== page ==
MINISTER of Finance and Planning Dr Peter Phillips moved yesterday to assure nervous Jamaicans and jittery international markets that a new International Monetary Fund (IMF) pact was on track for December.
“There is no delay in an agreement with the Fund. There is no delay in the timetable of negotiations,” Phillips told the House of Representatives. “There is no sticking point on which ourselves and them (IMF) have a divergence of any fundamental views.”
The finance minister was responding to questions raised by Opposition Leader Andrew Holness following his statement on the economy on the resumption of Parliament following the summer break.
Phillips denied that the issue of greater exchange rate flexibility, which would see the Bank of Jamaica reducing its role in propping up the local dollar, was a point of contention with the IMF. He also denied that he had ever suggested that “the days of low interest rates are over”.
“Let me say definitively that no such statement has been made by me,” he said in response to Holness, who claimed that it had been rumoured that the statement was made by the minister.
Holness said that he was “grateful” for the clarification and went on to identify the reduction in the resources of the Net International Reserves (NIR) to 14 weeks which, he said, were two weeks shy of the balance of payments limit, as another source of concern for the business sector.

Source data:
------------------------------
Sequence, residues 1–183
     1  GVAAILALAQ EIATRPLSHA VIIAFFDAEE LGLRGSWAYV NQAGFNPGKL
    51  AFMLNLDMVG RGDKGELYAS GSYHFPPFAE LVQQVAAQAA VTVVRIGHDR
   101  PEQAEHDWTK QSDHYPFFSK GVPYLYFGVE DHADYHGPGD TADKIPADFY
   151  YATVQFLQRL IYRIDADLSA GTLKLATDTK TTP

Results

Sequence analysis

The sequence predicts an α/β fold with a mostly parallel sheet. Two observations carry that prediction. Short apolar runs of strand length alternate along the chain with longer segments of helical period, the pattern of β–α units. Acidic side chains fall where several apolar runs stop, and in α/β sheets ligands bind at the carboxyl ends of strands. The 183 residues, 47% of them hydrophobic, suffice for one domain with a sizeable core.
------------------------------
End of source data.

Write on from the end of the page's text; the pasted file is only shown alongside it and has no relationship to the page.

Dr Phillips explained that current pressures on the Jamaican dollar were created by the derailment of the previous Stand-By Agreement with the IMF which, he said, had blocked access to other critical international lending agencies, including the Inter-American Development Bank, European Union and World Bank.
“The reduction in the reserves is a direct consequence of the inability to access those resources... and that applies also to the private capital market internationally (unless we are prepared to accept significantly higher interest rates),” the minister said.
“That is the source of the deterioration in confidence, or the spread of uncertainty,” he explained.
Phillips blamed some commentators for continuing to spread false claims which, he said, had reinforced uncertainty, and urged them to be more “circumspect” in their commentaries.
Phillips also stuck to his assurance that during the visit of an IMF team to Jamaica, September 25 to October 5, all the issues that had arisen and the necessary testing of the Government’s programmes would be done.
He recalled that the critical objectives he had set out for an IMF agreement are: elimination of the fiscal deficit; reduction of the debt to 100 per cent of the Gross Domestic Product (GDP) by 2015/16; and reduction of wage-related costs to nine per cent of the GDP by 2015/16.
Reduction in reserves a direct consequence of inability to access funds, says Phillips